While we have a fairly progressive income tax system with higher rates for those with higher incomes, this is undermined by the large number of tax loopholes than mainly benefit the wealthy and enable many of them to pay much lower effective rates of taxation. Tax Avoidance using Private Corporations

The research clearly shows that the wealthy are far more likely than a middle or lower income Canadian to own a private corporation and that the wealthy are far more likely to take advantage of these tax loopholes. Less than 10% of those with incomes under $51,600 had a significant interest in a private company. For the top 1 percenters about 50 percent own a significant interest in a private company and for the top 0.01% the number rises dramatically to almost 80%.

Most small business will not be affected. Statistics Canada data shows that two-thirds of Canadian small business owners are earning less than $73,000, and employers earning less than $40,000 outnumber those earning more than $250,000 by four to one. Thus, most small businesses would not be noticeably negatively impacted by the proposed changes.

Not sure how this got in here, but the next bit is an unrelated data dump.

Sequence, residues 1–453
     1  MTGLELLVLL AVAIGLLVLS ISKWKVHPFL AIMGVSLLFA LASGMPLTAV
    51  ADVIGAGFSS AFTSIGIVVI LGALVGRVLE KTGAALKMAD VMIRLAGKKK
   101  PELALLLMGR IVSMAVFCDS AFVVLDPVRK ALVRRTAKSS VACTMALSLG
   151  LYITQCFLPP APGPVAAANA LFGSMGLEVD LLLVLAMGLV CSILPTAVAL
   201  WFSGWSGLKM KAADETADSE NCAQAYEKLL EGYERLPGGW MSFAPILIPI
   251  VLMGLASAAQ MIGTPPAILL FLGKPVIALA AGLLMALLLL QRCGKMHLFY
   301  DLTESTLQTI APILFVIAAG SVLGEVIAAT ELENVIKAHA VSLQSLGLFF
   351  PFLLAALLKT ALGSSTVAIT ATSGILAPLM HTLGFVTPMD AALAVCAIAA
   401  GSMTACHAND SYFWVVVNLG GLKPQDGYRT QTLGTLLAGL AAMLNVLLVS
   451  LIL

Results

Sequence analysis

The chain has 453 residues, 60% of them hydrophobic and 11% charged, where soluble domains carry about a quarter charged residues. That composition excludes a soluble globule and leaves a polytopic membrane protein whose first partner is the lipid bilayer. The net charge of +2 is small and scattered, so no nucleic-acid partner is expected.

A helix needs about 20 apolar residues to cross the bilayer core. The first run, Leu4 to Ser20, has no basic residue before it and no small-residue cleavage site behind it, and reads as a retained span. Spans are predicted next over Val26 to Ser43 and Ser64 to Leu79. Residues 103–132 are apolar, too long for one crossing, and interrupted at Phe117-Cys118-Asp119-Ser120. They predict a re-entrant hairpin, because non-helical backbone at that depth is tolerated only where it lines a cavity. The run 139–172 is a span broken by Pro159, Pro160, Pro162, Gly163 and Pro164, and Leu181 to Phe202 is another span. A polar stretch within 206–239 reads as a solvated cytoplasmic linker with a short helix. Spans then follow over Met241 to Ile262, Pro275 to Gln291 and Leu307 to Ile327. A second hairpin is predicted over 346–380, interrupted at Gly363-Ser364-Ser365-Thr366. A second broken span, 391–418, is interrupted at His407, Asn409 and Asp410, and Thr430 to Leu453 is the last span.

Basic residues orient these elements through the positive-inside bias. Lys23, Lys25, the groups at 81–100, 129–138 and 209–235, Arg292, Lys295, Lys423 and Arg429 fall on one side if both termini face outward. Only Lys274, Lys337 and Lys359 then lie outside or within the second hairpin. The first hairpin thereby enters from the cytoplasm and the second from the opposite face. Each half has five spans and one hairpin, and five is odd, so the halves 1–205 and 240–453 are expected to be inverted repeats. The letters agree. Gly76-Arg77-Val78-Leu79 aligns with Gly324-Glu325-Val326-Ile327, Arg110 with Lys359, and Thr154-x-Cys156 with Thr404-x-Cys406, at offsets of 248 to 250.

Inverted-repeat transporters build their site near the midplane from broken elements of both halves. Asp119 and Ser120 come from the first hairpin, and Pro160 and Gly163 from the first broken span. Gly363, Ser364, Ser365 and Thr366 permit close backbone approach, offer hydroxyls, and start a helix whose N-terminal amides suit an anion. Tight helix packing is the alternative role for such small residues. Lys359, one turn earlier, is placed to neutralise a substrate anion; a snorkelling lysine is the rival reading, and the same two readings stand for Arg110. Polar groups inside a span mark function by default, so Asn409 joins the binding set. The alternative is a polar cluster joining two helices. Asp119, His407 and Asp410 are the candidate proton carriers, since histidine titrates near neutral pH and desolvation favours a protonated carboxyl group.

These private corporation tax loopholes are not the way to help small businesses make the leap at start up – Most new and struggling small businesses would not have enough income to make effective use of these loopholes. The lower small business tax rate is already in place to help all small businesses to make the start up easier and compensate for differences related to size at a significant taxpayer subsidy of $3.6 billion a year.6

There is a broad range of other targeted taxpayer funded programs to help new businesses get out of the gates. The government's business network grants and financing website lists 550 grants, contributions, financial assistance, loans and cash advances, loan guarantees, tax refunds and credits, and wage subsidies that businesses can access.

We need broad universal programs to address concerns about insecurity. It is true that the self-employed don’t have pension plans, paid parental leave, mandatory vacation, sick leave or disability benefits. However, increasing numbers of private sector workers are also denied access to these benefits as we see a shift in the public and private sectors to precarious work arrangement. This is reaching crisis levels, and will only get worse as the march of automation continues to eliminate and change jobs. Dividend sprinkling for a few is not the answer for lack of child care and pensions for the many. We need a well funded public pension program, we need universal access to childcare, we need well funded parental leaves for all workers and more. For this, we need tax fairness.